On the dot at 12.30pm, we walked into the centre. The receptionist saw me and said, "Oh is it 12.30 already?" To her, those 2 hours might seem like any hour of the day. For us, the last two hours were heart-wrenching.

Once again, I was back on the plushed wooden chair, waiting. 1pm arrived, the doctor was nowhere to be seen. 1.30pm came, the doctor wasn't here yet. We googled the doctor's name and found his portrait. We kept a lookout for him. I tried my best to remain calm. I didn't care about how long I had to wait. I felt grateful that the doctor was taking time out today and head down to Mount E Novena just to see our case. I was willing to wait, however long it takes. I wanted answers.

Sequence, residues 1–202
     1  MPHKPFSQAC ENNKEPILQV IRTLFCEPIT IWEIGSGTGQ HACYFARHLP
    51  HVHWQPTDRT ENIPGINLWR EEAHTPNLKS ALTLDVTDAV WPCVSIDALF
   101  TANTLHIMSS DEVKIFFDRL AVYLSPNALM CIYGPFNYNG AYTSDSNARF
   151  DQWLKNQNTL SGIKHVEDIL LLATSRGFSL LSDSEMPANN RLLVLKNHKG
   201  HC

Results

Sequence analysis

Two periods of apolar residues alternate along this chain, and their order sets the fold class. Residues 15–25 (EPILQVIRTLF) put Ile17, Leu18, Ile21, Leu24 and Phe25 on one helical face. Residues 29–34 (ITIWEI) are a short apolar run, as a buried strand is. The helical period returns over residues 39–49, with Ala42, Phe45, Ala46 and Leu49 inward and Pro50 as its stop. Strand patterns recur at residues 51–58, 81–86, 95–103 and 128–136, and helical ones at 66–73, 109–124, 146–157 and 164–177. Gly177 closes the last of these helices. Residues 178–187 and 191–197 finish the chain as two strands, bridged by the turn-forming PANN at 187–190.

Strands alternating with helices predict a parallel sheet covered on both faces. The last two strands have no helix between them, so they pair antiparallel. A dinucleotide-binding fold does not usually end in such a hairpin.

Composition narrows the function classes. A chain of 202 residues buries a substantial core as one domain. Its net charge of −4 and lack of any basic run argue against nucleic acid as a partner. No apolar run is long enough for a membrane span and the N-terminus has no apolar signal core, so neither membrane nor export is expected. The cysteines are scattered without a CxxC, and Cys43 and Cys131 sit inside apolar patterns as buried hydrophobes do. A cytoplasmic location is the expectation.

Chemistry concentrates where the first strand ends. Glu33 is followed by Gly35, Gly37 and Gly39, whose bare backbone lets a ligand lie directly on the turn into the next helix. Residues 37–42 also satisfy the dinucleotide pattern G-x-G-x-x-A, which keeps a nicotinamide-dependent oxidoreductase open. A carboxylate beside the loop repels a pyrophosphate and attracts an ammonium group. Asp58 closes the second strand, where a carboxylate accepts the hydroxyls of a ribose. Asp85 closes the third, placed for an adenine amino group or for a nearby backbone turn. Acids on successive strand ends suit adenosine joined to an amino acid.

It was close to 1.45pm when the doctor arrived. He was ushered into one of the ultrasound rooms and we followed in soon after. Before starting his scan he instructed us, "Let me do the scan first. After it is done, I will discuss my findings with you, ok?" We nodded.

The scanning took a long time. Unlike the previous scan, he focused only and only on the heart. Tears streamed down my eyes while he was doing the scan. I hadn't meant to cry but I couldn't hold my tears in. At that moment, I understood the severity of the situation. My baby was sick. Very sick.

The husband held my hand tight. I could tell that he was struggling to keep his tears in. Halfway through the scan, he could no longer hold the questions in. "So what's wrong with him?"

Remembering the doctor's words from before and not wanting to interrupt the scan, I shushed the husband and told him to be patient. The doctor replied in a gentle tone, "Let me finish the scan first or I'll be giving you half the story only, right?"

The husband pursed his lips as he struggled to keep his anxiety and worry in check.